EXCLUSIVE INTERVIEW It seems that drones may be set to appeal to photography enthusiasts like never before with news of the upcoming launch of the groundbreaking DJI Phantom 3.

As well as high-quality video, the Phantom 3 shoots 12-million-pixel images and allows users to alter camera settings like ISO, shutter speed and exposure compensation – without taking their hands away from the accompanying remote control unit.

There are two versions of the Phantom 3, both due out in the next few weeks.

The Phantom 3 Professional will feature a 4K video camera and cost £1,159, while the Phantom 3 Advanced shoots 1,080p video camera (at 60 frames per second) and will be priced at £899.

Features will include a ‘distortion-free’ lens that is capable of capturing 12MP images at a 94° field of view. A DJI pilot app will allow users to get to grips with the drone before taking it out, as well as enabling them to live stream their flights to YouTube.

To find out more, Amateur Photographer spoke to DJI’s PR manager Michael Perry at yesterday’s launch event, held at the Guildhall in London (VIDEO BELOW INCLUDES PHANTOM 3 IN ACTION)

PHANTOM 3 DRONE SETS SIGHTS ON AMATEUR PHOTOGRAPHERS

See below for a full transcript of the interview with DJI PR manager Michael Perry by AP news editor Chris Cheesman:

AP Talk us through the new Phantom 3

The Phantom 3 is a true landmark in terms of the accessibility of aerial imaging technology.

For the first time you have a wide variety of professional features, available out of the box, in an easy-to-transport package. So we think we will see a lot of adoption of this technology, because it changes not only the way you use drones, but also what kind of image you capture in the sky.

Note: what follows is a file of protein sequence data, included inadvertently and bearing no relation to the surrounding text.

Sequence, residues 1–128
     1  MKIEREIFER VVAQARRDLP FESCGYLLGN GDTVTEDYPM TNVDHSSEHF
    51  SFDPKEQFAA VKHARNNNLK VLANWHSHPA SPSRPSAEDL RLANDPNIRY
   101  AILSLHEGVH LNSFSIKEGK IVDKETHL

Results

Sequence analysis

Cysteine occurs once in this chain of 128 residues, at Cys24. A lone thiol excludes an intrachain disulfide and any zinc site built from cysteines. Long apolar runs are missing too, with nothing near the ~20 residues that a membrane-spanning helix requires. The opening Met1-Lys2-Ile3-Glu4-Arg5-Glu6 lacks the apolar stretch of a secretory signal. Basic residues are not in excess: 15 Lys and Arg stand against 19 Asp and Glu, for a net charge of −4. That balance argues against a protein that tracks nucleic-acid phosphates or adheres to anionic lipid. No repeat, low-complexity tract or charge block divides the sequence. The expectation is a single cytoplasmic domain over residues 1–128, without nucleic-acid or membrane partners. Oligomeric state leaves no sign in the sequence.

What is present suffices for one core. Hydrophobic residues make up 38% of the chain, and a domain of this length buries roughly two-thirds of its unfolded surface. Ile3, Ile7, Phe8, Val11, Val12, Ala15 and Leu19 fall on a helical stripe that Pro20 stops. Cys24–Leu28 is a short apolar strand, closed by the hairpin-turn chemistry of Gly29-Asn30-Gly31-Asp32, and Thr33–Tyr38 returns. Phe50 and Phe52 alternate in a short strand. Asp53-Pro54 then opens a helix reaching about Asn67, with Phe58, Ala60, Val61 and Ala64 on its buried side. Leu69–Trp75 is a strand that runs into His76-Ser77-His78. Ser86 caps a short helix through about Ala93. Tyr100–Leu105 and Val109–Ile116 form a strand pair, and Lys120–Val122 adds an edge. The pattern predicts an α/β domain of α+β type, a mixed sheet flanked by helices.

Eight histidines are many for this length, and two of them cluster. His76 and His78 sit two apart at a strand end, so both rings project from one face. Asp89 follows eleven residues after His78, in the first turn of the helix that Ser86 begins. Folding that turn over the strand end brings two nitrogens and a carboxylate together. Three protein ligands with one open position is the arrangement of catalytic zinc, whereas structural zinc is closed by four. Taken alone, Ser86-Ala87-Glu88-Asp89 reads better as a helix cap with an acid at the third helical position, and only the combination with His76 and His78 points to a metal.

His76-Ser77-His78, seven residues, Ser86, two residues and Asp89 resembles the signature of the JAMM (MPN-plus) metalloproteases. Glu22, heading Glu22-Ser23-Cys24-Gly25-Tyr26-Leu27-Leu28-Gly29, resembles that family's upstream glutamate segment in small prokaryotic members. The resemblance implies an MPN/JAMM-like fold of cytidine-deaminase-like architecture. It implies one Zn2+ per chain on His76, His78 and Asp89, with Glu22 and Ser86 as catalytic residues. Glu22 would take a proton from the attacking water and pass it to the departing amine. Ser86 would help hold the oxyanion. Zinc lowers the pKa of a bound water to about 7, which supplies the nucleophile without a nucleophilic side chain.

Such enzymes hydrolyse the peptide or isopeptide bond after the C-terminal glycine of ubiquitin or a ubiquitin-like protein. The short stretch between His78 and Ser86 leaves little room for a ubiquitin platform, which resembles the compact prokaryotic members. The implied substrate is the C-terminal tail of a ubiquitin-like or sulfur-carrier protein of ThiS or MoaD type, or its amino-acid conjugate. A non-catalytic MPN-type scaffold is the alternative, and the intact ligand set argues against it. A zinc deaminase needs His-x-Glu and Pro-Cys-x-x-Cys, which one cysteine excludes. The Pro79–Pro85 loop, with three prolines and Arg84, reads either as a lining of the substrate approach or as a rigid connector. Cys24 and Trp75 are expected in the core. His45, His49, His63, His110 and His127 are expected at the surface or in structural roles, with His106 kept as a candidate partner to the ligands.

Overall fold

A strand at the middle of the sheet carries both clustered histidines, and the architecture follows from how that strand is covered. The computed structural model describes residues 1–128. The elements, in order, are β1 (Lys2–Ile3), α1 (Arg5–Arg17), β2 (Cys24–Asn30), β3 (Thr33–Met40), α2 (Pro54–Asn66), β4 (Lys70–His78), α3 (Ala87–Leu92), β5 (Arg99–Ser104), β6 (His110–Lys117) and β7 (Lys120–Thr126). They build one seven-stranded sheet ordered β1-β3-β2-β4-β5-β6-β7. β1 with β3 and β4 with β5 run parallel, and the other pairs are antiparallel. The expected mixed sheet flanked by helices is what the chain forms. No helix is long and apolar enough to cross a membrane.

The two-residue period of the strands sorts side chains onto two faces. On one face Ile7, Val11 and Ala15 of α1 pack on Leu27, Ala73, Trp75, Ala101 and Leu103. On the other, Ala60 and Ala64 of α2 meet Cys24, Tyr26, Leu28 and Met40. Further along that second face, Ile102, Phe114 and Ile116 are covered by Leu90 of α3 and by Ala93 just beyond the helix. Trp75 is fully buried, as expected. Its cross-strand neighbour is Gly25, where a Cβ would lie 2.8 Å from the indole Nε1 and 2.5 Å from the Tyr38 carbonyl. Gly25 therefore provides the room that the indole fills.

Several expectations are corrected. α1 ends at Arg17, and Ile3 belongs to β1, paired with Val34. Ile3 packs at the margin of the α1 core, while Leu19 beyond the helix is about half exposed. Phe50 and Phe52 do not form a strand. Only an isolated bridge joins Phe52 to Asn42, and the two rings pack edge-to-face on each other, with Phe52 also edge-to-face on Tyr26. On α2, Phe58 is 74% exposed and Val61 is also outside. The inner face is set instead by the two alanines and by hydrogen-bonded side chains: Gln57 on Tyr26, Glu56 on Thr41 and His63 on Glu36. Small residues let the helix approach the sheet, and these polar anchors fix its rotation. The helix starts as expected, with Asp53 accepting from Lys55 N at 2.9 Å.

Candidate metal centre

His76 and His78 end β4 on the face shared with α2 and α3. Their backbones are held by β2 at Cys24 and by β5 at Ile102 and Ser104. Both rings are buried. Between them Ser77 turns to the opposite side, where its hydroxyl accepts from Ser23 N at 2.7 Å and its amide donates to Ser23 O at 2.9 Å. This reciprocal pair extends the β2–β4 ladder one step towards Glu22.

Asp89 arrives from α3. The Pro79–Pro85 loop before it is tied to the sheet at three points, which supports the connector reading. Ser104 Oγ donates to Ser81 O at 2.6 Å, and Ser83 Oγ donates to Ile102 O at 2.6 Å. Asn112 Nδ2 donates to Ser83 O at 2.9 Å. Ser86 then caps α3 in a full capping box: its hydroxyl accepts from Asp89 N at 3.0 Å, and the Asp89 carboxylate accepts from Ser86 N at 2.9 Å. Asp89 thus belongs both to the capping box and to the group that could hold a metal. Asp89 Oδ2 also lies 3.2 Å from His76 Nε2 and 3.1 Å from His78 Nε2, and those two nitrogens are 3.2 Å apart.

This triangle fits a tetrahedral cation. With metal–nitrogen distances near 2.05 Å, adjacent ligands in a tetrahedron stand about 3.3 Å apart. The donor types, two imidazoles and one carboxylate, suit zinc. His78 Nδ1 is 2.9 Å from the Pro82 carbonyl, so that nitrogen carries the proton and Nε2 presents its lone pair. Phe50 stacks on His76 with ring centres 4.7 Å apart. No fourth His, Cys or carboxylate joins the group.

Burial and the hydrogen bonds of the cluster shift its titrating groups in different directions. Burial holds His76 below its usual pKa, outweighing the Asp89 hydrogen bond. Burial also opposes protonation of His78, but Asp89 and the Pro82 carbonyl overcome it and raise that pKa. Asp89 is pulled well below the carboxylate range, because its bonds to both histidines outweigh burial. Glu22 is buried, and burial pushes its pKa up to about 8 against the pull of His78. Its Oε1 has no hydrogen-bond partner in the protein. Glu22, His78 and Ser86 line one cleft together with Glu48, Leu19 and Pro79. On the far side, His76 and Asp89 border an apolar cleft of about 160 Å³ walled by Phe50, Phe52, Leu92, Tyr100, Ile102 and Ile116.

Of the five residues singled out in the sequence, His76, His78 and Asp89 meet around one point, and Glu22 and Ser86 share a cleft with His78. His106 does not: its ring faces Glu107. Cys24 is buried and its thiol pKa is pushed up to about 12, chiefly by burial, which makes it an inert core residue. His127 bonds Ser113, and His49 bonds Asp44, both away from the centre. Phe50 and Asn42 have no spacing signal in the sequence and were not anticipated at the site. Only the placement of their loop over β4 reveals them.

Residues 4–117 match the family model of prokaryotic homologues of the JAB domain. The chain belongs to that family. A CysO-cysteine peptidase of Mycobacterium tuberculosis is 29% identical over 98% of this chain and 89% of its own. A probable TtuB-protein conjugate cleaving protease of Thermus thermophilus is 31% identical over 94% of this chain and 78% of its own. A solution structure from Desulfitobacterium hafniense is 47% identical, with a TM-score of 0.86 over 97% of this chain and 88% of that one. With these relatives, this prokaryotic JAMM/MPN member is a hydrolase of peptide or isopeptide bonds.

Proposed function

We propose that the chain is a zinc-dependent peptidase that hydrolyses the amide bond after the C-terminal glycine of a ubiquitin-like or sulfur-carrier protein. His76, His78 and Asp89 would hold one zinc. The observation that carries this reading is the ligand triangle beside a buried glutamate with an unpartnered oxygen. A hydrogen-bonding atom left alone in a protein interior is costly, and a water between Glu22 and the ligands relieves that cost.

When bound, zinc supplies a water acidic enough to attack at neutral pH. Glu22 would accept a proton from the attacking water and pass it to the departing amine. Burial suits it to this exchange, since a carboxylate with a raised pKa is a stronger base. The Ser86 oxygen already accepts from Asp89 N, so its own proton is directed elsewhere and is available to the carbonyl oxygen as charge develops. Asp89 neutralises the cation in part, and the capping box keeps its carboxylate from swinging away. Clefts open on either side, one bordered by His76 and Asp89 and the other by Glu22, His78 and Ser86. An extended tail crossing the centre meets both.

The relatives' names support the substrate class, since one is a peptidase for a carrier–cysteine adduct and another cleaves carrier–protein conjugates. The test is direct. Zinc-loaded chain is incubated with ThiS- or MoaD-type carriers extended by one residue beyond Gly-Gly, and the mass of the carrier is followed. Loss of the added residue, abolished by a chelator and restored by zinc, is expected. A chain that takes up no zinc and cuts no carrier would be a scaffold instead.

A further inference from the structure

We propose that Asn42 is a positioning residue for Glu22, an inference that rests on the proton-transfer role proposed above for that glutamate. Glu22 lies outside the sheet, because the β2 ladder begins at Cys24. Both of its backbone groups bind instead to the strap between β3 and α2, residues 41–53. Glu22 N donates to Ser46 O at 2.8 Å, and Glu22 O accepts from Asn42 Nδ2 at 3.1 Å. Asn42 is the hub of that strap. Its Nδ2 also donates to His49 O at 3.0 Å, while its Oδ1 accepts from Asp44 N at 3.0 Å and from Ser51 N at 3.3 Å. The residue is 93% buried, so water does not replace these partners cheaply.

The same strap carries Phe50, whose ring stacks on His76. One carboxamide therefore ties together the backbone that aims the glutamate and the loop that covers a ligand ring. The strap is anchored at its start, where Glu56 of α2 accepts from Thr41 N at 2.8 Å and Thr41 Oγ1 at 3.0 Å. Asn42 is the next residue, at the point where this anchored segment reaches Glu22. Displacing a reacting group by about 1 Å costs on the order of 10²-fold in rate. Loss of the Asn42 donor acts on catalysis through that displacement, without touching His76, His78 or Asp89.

AP Why should photographers be so pleased to have this drone as part of their kit?

One is the amount of control you have over the platform and over the camera. So, obviously it’s got more responsive motors and a downward-facing camera that helps it stabilise in difficult situations. Also, the camera has got an upgraded sensor that provides a lot more sensitivity to light, so with 12 million pixels you are able to take really amazing, full Adobe dng [raw] photos. And ultimately, it’s the ability to see in full HD what the camera is seeing in real time, so you can precisely line up your shot and take a picture.

AP What are the key differences of the Phantom 3 over the Phantom 2 for photographers?

The Phantom 2 Vision is a fantastic out-of-the box tool, but there were a number of challenges for it. One of the great advantages of this new platform is the 94° field of view lens, so you are not going to get the fisheye distortion that you then have to take into Photoshop, remove and then crop the image, which means you lose some of the resolution. We think there’s a lot more amazing out-of-the-box photographs you’ll be able to take using this platform.

AP How big is the imaging sensor in the Phantom 3?

It’s a 1/2.3in CMOS sensor.

AP Does the pilot simulator app have any safety element built in?